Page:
WHO AM I?
I was born in one country, raised in another. My father was born in another country. I was not his only child.
He fathered several children with numerous women.
I became very close to my mother, as my father showed no interest in me.
My mother died at an early age from cancer.
Although my father deserted me and my mother raised me,
I later wrote a book idolising my father not my mother.
Later in life, questions arose over my real name.
My birth records were sketchy.
No one was able to produce a legitimate, reliable birth certificate.
I grew up practising one faith but converted to Christianity,
as it was widely accepted in my new country,
but I practised non-traditional beliefs and didn’t follow Christianity,
except in the public eye under scrutiny.
I worked and lived among lower-class people as a young adult,
disguising myself as someone who really cared about them.
That was before I decided it was time to get serious about my life.
and I embarked on a new career.
I wrote a book about my struggles growing up.
It was clear to those who read my memoirs,
that I had difficulties accepting that my father abandoned me as a child.
I became active in local politics in my 30’s then,
with help behind the scenes,
I literally burst onto the scene as a candidate for national office in my 40s.
They said I had a golden tongue and could talk anyone into anything.
I had a virtually non-existent resume, little work history,
and no experience in leading a single organisation.
Yet I was a powerful speaker and citizens were drawn to me,
as though I were a magnet and they were small roofing tacks.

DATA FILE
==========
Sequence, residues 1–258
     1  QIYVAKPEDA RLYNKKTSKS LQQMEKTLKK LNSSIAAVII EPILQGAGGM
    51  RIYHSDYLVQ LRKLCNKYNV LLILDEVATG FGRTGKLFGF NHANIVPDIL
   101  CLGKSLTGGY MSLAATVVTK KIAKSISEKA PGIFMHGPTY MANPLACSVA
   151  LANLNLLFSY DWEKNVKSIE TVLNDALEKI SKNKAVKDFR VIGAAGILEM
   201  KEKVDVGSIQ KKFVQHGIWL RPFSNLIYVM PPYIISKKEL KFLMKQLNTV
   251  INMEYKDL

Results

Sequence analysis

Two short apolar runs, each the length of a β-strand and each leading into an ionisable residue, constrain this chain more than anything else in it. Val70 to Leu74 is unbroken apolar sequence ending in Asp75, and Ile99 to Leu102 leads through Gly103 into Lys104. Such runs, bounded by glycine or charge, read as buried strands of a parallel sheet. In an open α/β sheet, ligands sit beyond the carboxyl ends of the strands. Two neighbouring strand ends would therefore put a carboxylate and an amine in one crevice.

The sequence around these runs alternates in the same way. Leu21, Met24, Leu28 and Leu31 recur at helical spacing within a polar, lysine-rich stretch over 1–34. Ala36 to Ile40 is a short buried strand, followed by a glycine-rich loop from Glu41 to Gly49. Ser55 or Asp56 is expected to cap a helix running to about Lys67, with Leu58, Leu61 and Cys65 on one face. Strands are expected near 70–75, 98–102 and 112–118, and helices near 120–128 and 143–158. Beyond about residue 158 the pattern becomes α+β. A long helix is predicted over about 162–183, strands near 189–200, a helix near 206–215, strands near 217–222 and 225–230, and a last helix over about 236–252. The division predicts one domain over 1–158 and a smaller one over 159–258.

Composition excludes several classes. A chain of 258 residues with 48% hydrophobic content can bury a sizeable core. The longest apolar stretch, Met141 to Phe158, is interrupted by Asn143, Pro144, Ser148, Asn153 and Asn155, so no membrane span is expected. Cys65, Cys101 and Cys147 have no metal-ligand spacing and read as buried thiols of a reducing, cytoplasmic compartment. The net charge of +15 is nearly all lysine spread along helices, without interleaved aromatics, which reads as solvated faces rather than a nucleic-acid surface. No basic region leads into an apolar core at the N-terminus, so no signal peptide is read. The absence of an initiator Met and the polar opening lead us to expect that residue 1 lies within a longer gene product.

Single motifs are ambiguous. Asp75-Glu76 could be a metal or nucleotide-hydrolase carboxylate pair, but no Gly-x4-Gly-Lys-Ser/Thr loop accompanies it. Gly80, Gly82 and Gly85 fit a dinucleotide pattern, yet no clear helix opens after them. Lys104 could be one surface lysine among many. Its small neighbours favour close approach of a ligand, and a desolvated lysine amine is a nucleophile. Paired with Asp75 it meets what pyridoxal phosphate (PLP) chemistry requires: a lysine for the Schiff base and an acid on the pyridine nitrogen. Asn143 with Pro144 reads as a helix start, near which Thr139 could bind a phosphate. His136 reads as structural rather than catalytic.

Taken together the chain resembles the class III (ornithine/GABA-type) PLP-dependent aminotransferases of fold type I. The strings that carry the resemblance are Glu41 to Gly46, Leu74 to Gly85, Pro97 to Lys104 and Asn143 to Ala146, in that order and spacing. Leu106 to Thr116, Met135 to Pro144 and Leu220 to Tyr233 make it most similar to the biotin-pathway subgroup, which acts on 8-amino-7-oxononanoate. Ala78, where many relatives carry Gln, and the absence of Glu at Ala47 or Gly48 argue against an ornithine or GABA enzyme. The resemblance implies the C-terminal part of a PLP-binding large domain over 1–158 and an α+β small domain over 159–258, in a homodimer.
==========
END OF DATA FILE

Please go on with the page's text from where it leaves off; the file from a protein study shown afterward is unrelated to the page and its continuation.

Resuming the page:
I drew incredibly large crowds during my public appearances.
This bolstered my ego.
At first, my political campaign focused on my country’s foreign policy…
I was very critical of my country in the last war,
and seized every opportunity to bash my country.
But what launched my rise to national prominence were my
views on the country’s economy.
I pretended to have a really good plan on how we could do better,
and every poor person would be fed and housed for free.
I knew which group was responsible for getting us into this mess.
It was the free market, banks and corporations.
I decided to start making citizens hate them and,
if they became envious of others who did well,
the plan was clinched tight.
I called mine “A People’s Campaign”.
That sounded good to all people.
I was the surprise candidate because I emerged from outside
the traditional path of politics and was able to gain
widespread popular support.
I knew that, if I merely offered the people ‘hope’,
together we could change our country and the world.
So, I started to make my speeches sound like they were on
behalf of the downtrodden, poor, ignorant to include “persecuted minorities”.
My true views were not widely known and I kept them unknown,
until after I became my nation’s leader.
I had to carefully guard reality,
as anybody could have easily found out what I really believed,
if they had simply read my writings
and examined those people I associated with.
I’m glad they didn’t.
Then I became the most powerful man in the world.
And the world learned the truth.
Who am I?
Life is an adventure to be lived, not a problem to be solved.